f our Parliament has MPs that makes some of us proud to be Malawians one of them is surely one Lifred Nawena. The former academic is always calm and collected, dropping home truths here and frank advice there.
During the past week he told his erstwhile colleagues in the DPP to accept realities that the train has left the station and they must patiently wait for another. He chastised DPP loudmouths who say the PP isn’t ready to govern, telling them that their problem is that they aren’t ready themselves to accept their sudden monstrous misfortunes.
Look at the way the DPP handled events of that famous day in April. Henry Mussa, Goodall Gondwe and Patricia Kaliati have all owned up to the fact that the sudden death of Bingu confused them so much that they all lost their heads. The problem with the DPP is that they thought - and somehow believed - that Bingu was some god. Like the real God up yonder, to them Bingu was - and would always be - omnipresent.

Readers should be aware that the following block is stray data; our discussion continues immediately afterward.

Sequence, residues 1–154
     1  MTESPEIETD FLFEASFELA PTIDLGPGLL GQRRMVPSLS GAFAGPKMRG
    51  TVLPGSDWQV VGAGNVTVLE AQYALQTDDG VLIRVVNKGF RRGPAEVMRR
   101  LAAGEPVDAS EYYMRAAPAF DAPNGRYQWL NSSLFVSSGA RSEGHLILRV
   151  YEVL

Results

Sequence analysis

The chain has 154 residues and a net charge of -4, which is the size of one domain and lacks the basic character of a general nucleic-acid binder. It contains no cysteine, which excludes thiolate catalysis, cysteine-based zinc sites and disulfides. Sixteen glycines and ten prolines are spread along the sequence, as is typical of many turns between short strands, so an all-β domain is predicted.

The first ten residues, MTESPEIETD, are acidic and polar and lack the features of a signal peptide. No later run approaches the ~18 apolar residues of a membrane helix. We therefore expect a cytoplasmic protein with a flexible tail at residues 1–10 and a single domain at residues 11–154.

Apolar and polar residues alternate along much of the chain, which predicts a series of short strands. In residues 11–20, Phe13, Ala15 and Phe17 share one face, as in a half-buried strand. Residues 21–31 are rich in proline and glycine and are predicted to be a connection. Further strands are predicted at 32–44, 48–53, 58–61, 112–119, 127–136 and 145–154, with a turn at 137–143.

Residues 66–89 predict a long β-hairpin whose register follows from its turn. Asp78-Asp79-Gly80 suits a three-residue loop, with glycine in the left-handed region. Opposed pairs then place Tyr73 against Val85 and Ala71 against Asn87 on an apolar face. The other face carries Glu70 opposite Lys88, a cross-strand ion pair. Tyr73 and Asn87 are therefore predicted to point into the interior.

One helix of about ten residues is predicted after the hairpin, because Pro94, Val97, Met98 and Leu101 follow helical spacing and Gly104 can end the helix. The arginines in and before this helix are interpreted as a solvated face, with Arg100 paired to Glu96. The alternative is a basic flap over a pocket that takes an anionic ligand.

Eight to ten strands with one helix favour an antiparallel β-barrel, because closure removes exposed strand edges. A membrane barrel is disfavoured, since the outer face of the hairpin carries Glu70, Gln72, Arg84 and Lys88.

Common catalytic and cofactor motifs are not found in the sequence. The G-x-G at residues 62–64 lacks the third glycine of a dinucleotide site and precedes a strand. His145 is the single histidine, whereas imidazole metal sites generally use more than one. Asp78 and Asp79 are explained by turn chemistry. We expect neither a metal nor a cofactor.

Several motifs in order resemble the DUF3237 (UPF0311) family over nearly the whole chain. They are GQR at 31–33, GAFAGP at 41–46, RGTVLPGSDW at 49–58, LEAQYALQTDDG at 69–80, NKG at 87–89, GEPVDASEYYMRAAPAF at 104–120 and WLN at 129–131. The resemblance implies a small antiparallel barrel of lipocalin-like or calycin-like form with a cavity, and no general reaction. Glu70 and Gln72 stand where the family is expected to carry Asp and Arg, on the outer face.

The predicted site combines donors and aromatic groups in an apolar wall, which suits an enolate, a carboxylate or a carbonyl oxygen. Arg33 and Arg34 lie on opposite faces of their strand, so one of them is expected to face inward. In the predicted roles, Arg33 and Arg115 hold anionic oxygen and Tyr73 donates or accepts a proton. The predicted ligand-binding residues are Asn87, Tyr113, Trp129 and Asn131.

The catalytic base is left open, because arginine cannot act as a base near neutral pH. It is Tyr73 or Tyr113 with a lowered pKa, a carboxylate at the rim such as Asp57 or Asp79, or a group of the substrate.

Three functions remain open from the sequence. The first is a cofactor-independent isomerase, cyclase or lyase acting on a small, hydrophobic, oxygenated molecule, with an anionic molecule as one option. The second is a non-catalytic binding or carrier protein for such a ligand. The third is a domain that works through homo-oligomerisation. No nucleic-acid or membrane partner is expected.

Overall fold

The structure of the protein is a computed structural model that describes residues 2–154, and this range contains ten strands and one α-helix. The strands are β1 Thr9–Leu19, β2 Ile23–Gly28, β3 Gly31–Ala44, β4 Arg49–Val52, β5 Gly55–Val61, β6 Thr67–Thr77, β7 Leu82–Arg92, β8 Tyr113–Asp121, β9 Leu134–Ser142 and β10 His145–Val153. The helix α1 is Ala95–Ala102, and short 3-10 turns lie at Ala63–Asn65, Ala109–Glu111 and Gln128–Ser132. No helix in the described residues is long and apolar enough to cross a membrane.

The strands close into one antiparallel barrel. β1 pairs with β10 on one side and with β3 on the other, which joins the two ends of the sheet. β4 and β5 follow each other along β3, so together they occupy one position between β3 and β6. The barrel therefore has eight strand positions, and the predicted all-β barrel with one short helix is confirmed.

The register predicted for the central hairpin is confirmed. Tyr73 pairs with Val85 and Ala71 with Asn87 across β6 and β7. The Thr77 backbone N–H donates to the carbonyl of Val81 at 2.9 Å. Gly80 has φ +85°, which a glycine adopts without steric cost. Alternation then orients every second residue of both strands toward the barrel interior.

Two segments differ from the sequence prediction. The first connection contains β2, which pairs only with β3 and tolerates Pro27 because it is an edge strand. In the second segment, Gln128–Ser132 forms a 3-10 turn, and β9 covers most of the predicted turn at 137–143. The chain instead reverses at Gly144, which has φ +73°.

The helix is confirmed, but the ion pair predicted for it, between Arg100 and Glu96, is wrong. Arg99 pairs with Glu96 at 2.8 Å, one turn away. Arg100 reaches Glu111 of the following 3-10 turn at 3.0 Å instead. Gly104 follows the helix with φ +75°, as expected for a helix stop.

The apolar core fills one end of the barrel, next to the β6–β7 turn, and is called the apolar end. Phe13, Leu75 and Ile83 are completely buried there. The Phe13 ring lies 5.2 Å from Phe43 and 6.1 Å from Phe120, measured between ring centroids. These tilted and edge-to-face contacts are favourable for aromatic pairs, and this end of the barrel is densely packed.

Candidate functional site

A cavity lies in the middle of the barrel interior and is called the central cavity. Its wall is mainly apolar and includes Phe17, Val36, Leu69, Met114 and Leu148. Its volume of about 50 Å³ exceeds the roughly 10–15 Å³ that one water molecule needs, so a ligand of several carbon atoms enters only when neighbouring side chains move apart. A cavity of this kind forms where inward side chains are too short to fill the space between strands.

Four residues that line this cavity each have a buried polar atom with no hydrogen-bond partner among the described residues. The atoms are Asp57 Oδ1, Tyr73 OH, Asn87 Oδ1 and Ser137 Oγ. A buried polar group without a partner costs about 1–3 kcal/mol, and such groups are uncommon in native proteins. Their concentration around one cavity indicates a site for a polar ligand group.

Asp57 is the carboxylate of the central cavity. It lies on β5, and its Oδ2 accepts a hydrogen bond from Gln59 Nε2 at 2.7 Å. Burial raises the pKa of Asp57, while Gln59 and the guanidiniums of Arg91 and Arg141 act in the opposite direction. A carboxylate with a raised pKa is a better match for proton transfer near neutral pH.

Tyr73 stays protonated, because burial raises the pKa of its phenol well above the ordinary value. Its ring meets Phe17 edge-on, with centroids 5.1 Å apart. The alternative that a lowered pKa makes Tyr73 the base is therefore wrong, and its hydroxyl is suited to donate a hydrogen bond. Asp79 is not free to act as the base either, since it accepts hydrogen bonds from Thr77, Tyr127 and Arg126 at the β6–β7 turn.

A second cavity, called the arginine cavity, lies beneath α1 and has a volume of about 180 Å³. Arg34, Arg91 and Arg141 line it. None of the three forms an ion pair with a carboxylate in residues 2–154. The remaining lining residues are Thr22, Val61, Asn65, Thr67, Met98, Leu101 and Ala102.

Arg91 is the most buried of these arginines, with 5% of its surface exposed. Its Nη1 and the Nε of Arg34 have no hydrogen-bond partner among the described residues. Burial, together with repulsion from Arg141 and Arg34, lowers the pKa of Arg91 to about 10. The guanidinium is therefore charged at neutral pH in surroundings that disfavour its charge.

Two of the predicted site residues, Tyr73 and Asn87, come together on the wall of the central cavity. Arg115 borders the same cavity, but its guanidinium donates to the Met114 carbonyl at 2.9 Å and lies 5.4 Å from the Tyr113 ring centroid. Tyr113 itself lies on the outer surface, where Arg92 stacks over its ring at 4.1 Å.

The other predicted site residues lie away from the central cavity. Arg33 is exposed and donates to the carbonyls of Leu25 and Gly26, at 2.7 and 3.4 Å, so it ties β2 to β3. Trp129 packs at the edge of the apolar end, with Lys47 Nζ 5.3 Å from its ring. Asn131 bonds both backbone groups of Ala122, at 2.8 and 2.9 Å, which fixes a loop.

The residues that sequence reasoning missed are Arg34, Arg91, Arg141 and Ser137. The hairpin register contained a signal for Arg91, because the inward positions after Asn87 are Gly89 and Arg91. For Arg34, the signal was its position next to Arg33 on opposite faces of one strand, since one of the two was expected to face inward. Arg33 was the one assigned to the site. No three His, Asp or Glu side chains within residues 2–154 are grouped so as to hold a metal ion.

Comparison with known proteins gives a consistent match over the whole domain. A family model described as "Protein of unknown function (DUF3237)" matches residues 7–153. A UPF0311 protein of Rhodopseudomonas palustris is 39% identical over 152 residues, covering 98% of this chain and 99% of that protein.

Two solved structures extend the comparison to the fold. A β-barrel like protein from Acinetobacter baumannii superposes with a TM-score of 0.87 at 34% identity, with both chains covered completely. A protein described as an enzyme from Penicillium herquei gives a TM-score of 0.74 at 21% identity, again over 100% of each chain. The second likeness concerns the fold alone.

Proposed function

But one would’ve thought that after the extended mourning period these folks would’ve shaved their heads, so to speak, and start thinking like real men and women again. Look at those characters who rushed to PP only to rush back to the DPP when the spectre of Section 65 begun looking real. And look at the reaction of the DPP politburo. Do these perfectly sane adult men and women who run the DPP really think these migrants are real? It is clear that without Section 65 there would’ve been no love lost between these MPs and the party.
The DPP should have risen to the occasion and tell off these folks because they aren’t real. Their blood already turned orange; they are putting on the cloak of blue for fear of Section 65.
Can those who run DPP not see these things? Have the zizwezwe that confused the likes of Henry Mussa not yet cleared in their heads? And to think that these comedians were entrusted to run the affairs of state...
God save us!